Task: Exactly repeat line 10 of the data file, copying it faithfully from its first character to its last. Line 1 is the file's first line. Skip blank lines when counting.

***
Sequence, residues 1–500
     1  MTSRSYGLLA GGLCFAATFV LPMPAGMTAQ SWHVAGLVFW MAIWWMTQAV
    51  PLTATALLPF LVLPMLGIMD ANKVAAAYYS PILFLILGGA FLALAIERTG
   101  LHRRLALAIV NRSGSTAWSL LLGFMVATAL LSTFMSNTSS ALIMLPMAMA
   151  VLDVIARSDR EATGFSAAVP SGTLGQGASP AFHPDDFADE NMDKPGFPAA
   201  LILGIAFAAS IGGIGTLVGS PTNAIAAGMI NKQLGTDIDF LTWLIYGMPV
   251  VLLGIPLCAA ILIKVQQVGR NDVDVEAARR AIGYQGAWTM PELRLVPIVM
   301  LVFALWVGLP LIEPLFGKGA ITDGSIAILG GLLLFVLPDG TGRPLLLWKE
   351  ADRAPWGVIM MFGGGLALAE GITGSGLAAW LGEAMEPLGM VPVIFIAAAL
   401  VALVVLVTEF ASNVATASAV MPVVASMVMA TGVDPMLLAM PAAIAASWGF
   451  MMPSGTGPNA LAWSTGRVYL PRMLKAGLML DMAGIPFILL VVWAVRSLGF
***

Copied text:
   401  VALVVLVTEF ASNVATASAV MPVVASMVMA TGVDPMLLAM PAAIAASWGF